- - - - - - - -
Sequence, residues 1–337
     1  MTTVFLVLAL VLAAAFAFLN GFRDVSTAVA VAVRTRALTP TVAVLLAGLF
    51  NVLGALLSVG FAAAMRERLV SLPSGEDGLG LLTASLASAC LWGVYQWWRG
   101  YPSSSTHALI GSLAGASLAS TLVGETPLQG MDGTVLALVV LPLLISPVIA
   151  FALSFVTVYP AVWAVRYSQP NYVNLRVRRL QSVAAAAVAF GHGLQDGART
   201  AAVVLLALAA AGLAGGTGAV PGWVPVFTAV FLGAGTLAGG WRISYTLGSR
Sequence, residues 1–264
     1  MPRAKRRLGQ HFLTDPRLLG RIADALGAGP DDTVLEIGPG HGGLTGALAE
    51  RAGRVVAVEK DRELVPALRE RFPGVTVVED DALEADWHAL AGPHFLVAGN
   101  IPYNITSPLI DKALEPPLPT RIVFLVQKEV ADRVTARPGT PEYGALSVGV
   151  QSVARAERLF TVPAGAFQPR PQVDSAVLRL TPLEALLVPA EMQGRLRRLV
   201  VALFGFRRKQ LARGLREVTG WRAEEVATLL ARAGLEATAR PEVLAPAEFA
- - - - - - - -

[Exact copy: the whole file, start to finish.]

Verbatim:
Sequence, residues 1–337
     1  MTTVFLVLAL VLAAAFAFLN GFRDVSTAVA VAVRTRALTP TVAVLLAGLF
    51  NVLGALLSVG FAAAMRERLV SLPSGEDGLG LLTASLASAC LWGVYQWWRG
   101  YPSSSTHALI GSLAGASLAS TLVGETPLQG MDGTVLALVV LPLLISPVIA
   151  FALSFVTVYP AVWAVRYSQP NYVNLRVRRL QSVAAAAVAF GHGLQDGART
   201  AAVVLLALAA AGLAGGTGAV PGWVPVFTAV FLGAGTLAGG WRISYTLGSR
Sequence, residues 1–264
     1  MPRAKRRLGQ HFLTDPRLLG RIADALGAGP DDTVLEIGPG HGGLTGALAE
    51  RAGRVVAVEK DRELVPALRE RFPGVTVVED DALEADWHAL AGPHFLVAGN
   101  IPYNITSPLI DKALEPPLPT RIVFLVQKEV ADRVTARPGT PEYGALSVGV
   151  QSVARAERLF TVPAGAFQPR PQVDSAVLRL TPLEALLVPA EMQGRLRRLV
   201  VALFGFRRKQ LARGLREVTG WRAEEVATLL ARAGLEATAR PEVLAPAEFA